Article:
Ziegfeld by Ethan Mordden
The Man Who Invented Show Business

No critic rating

Waiting for minimum critic reviews

See 2 Critic Reviews



Any girl who twists her hat will be fired! – Florenz Ziegfeld

And no Ziegfeld girl ever did as she made her way down the gala stairways of the Ziegfeld Follies in some of the most astonishing spectacles the American theatergoing public ever witnessed.  When Florenz Ziegfeld started in theater, it was flea circus, operetta and sideshow all rolled into one.  When he left it, the glamorous world of "show-biz" had been created.  Though many know him as the man who "glorified the American girl," his first real star attraction was the bodybuilder Eugen Sandow, who flexed his muscles and thrilled the society matrons who came backstage to squeeze his biceps.  His lesson learned with Sandow, Ziegfeld went on to present Anna Held, the naughty French sensation, who became the first Mrs. Ziegfeld.  He was one of the first impresarios to mix headliners of different ethnic backgrounds, and literally the earliest proponent of mixed-race casting.  The stars he showcased and, in some cases, created have become legends: Billie Burke (who also became his wife), elfin Marilyn Miller, cowboy Will Rogers, Bert Williams, W. C. Fields, Eddie Cantor and, last but not least, neighborhood diva Fanny Brice.  A man of voracious sexual appetites when it came to beautiful women, Ziegfeld knew what he wanted and what others would want as well.  From that passion, the Ziegfeld Girl was born. Elaborately bejeweled, they wore little more than a smile as they glided through eye-popping tableaux that were the highlight of the Follies, presented almost every year from 1907 to 1931.  Ziegfeld's reputation and power, however, went beyond the stage of the Follies as he produced a number of other musicals, among them the ground-breaking Show Boat.  In Ziegfeld: The Man Who Created Show Business, Ethan Mordden recreates the lost world of the Follies, a place of long-vanished beauty masterminded by one of the most inventive, ruthless, street-smart and exacting men ever to fill a theatre on the Great White Way : Florenz Ziegfeld.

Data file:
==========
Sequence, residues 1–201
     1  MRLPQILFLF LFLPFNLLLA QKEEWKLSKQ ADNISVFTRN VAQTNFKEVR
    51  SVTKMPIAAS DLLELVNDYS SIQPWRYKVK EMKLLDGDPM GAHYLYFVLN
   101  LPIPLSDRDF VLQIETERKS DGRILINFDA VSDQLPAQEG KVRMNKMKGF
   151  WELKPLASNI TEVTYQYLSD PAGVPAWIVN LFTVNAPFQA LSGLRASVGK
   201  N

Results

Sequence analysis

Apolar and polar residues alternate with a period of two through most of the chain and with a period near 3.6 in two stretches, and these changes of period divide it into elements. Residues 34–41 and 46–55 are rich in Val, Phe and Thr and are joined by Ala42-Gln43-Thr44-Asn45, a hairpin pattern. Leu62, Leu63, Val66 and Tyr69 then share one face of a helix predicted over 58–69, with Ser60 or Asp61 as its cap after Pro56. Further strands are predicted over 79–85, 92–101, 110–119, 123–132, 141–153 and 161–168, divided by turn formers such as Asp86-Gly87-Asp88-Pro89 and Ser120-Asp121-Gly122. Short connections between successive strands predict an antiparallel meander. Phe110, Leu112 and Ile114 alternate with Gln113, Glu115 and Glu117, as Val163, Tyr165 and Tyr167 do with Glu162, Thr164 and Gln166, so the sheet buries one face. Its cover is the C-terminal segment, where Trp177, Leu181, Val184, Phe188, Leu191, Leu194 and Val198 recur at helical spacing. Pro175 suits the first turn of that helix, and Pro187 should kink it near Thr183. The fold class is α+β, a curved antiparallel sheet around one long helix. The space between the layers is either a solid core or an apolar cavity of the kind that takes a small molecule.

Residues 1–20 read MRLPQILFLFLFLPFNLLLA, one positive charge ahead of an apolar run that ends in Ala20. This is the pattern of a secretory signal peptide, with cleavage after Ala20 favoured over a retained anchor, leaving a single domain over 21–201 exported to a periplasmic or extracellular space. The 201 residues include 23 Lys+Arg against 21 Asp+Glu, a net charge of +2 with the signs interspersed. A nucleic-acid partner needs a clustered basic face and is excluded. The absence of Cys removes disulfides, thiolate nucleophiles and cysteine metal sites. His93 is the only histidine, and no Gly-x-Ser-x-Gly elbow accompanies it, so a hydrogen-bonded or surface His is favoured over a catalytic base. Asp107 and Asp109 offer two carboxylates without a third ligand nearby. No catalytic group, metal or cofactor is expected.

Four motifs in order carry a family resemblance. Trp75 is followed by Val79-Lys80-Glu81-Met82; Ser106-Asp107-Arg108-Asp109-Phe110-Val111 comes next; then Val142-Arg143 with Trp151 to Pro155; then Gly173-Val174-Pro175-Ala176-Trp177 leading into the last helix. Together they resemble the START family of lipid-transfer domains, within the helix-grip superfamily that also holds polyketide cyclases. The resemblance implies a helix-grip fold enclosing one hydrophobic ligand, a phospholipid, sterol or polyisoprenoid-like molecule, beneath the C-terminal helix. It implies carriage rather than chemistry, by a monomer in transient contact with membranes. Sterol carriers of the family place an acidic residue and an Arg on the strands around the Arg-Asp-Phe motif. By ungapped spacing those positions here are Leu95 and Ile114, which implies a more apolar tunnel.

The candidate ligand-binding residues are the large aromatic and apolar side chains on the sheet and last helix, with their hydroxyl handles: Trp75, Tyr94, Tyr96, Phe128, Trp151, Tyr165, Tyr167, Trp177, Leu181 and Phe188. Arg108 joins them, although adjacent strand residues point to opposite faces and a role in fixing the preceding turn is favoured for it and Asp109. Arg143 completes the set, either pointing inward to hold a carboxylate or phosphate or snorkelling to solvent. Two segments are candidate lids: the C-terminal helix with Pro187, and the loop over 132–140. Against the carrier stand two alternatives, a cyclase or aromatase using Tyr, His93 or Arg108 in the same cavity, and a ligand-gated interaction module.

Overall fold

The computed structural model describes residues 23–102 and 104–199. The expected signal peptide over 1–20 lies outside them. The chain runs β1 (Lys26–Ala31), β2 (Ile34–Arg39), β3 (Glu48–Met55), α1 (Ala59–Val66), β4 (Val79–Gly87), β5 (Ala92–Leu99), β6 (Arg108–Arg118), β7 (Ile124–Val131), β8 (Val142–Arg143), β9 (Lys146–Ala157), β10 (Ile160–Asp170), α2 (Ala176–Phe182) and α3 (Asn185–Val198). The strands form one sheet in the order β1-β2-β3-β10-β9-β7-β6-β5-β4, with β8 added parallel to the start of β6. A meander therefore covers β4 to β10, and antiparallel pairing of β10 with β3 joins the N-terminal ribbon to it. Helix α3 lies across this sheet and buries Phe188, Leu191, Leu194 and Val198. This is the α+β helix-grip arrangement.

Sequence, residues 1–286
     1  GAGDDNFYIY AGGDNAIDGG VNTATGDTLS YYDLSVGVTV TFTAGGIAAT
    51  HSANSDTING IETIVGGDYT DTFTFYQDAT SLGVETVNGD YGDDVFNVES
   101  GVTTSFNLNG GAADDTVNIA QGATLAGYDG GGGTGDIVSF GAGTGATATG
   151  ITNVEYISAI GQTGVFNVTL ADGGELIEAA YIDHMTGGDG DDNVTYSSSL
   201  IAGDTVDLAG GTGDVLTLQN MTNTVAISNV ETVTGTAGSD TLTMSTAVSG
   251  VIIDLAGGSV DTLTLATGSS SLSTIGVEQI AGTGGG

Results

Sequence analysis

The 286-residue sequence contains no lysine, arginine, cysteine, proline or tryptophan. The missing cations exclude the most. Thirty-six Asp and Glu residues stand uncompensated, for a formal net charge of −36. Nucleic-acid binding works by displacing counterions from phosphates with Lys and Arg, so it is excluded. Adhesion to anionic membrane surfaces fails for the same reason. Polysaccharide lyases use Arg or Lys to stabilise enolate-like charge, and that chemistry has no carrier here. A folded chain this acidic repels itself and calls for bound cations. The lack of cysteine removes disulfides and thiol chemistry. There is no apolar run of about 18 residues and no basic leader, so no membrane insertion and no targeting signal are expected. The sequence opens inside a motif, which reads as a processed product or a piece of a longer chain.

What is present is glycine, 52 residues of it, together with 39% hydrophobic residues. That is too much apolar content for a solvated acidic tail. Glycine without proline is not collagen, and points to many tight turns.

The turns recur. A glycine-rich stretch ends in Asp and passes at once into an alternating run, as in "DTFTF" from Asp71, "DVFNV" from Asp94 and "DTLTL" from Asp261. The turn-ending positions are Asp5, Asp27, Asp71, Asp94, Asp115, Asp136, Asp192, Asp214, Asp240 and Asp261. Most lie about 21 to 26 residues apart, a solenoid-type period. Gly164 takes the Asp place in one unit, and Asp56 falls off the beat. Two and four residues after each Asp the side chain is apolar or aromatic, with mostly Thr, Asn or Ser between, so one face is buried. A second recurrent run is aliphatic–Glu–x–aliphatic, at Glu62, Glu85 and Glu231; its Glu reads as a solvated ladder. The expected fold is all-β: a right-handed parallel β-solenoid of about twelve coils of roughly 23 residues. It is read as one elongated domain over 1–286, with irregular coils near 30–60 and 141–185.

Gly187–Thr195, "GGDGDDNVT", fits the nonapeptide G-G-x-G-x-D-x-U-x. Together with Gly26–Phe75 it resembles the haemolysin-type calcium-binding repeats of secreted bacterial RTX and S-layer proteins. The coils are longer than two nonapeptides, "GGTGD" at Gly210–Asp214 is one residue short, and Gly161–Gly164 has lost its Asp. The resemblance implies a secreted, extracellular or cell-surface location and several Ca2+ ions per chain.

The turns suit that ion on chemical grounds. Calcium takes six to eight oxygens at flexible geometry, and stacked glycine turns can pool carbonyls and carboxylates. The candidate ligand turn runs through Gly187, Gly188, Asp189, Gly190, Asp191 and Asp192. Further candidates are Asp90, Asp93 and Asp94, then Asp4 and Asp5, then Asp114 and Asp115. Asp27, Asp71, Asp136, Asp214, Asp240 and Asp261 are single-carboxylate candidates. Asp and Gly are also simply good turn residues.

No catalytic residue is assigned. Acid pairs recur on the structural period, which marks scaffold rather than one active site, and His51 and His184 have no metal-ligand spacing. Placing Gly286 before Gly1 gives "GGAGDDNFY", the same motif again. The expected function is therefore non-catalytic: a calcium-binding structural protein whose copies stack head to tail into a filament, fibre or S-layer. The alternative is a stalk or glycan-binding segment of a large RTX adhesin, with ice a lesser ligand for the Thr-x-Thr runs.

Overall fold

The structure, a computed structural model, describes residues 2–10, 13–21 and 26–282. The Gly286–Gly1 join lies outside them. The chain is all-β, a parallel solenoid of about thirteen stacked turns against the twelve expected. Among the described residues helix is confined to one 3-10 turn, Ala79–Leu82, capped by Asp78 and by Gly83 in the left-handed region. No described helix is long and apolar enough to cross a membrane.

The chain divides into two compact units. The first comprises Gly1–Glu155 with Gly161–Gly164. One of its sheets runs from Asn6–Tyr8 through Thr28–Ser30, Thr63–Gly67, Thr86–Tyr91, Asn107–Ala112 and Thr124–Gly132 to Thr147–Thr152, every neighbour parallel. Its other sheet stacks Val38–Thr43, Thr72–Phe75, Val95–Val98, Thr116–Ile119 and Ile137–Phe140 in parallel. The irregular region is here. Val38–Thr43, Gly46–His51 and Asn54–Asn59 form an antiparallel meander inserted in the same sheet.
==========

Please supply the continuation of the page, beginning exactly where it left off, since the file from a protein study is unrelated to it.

About Ethan Mordden

See more books from this Author
Ethan Mordden's work has appeared in The New Yorker (three short stories, A Critic At Large features, and book review leads), The New York Times, and The Wall Street Journal. His Christopher Street column, Is There a Book In This?, gave birth to the five volumes of gay stories known as the Buddies series, about a "family" of friends enjoying life and love in Manhattan. Mordden's non-fiction includes books on New York cultural history (The Guest List: How Manhattan Defined American Sophistication), opera, Hollywood, and Broadway, including a six-volume history of the American musical.
Published November 11, 2008 by St. Martin's Press. 372 pages
Genres: Biographies & Memoirs, Humor & Entertainment, Arts & Photography. Non-fiction

Unrated Critic Reviews for Ziegfeld

Kirkus Reviews

See more reviews from this publication

Ever the witty and erudite raconteur, Mordden (All That Glittered: The Golden Age of Drama on Broadway, 1919–1959, 2007, etc.) transports readers to the time when Times Square was just an intersection of streets.

| Read Full Review of Ziegfeld: The Man Who Invente...

The New York Times

See more reviews from this publication

Drawing on already popular forms — burlesque, vaudeville, the topical revues of Paris — Ziegfeld recombined elements of each to give a racing new pulse to the variety format.

Nov 23 2008 | Read Full Review of Ziegfeld: The Man Who Invente...

Reader Rating for Ziegfeld

An aggregated and normalized score based on 16 user ratings from iDreamBooks & iTunes

Rate this book!

Add Review